Collie monitors walking patterns in older adults

Published 12:00 pm Friday, July 15, 2016

Mrudvi Bakshi

At 78 years old, Freida Matts walks with unbridled confidence. Her charisma is so infectious it lights up the mood of all who are present in the room.

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However, Matts isn’t the only Leisure Lifestyle participant with a bounce in their step lately. A dozen other older adults have had a burst in their energy levels since the introduction of Collie in their lives.

Collie is a home health and safety monitoring system designed especially for older people living alone or under assistance. The device, the size of a bar of soap, measures key fall-risk indicators, such as gait and sways properties, and provides caregivers a convenient daily Walk Signature Score.

Leisure Lifestyles was established to work with mature adults, aged 40 and over to provide health and wellness programs and to give a method of promoting physical, social, cognitive and emotional wellness. Members meet bi-weekly at the Oxford Activity Center to have their gait progress monitored and recorded.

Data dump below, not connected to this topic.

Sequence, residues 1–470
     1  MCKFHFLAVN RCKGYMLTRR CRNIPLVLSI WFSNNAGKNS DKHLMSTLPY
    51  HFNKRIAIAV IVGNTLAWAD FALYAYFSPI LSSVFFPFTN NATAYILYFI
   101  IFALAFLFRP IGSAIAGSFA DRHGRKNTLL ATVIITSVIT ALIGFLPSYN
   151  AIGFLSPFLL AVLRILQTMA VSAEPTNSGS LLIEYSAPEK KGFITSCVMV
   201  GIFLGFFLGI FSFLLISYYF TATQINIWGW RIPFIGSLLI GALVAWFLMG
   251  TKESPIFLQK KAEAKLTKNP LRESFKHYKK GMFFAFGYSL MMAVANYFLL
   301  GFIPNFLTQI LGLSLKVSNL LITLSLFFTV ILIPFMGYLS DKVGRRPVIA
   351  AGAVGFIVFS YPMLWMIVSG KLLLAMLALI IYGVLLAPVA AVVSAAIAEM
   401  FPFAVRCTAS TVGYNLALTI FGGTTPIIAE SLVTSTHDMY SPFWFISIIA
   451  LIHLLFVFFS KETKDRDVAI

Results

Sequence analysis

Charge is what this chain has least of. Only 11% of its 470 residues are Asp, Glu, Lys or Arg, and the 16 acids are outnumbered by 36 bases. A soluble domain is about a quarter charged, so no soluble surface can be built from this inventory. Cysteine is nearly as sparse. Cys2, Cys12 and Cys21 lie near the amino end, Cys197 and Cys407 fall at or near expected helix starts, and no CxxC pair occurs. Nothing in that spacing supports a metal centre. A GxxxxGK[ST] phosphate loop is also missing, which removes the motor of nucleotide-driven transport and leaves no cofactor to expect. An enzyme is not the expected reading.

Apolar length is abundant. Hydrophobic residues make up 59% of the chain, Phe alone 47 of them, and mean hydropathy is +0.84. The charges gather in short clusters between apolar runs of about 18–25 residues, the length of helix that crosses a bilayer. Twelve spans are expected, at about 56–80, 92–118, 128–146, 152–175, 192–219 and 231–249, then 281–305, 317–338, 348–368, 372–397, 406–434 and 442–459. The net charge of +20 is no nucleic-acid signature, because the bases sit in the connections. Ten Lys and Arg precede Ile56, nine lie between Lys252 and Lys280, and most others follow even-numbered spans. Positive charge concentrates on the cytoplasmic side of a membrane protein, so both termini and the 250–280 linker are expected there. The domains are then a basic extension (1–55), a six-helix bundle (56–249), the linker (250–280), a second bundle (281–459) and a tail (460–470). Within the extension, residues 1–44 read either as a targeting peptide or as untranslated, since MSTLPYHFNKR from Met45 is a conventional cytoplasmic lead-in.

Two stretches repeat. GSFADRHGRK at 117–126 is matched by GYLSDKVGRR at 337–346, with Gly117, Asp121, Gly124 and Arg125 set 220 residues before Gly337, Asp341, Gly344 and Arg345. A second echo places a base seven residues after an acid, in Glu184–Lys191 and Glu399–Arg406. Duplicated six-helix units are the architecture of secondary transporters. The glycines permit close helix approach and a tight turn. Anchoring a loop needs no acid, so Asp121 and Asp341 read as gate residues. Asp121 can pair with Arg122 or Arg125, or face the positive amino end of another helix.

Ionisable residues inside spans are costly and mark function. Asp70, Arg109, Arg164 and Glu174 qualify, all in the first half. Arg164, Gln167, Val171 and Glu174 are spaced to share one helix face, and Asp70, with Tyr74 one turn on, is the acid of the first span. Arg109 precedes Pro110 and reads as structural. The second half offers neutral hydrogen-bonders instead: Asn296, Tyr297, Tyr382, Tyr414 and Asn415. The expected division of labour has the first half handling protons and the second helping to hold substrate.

“Gait or how you walk is a very good indicator of your overall health,” said Jeremy Webster, chief technical officer for Collie Health. “And things like how fast you walk, if you have asymmetries, could be an early sign of health declining or improving.”

The company plans on coming up with two devices to monitor adult health. The first device will be marketed to doctors and physiotherapists to use on their patients. The second one will be manufactured so it can be installed in the hallway of someone living alone, to passively monitor them as they walk by. With the help of the device people can look at their average stride length, how fast they walk, whether there is a limp while walking or should they see the doctor and start exercising.

Collie Health has partnered with Dr. Yang-Chieh Fu, senior professor at the Department of Health and Exercise Science at the University of Mississippi to help in the study and providing the statistics based on the readings for the Leisure Lifestyle members.

“Although the traditional way of monitoring health was more accurate and comprehensive, it wasn’t good enough for clinical use, which is our main argument for developing this,” Fu said.

Since Leisure Lifestyle is among the few programs locally directly addressing the wellbeing of seniors, it has been working with Collie Health for about a year.

“The Oxford Park Commission likes to collaborate with the university as much as possible, especially with those who have backgrounds in health and wellness,” said Deb Helms, director of Leisure Lifestyles. “This has turned out to be motivating for participants, as it makes them competitive knowing how well they do and how strong they’re getting.”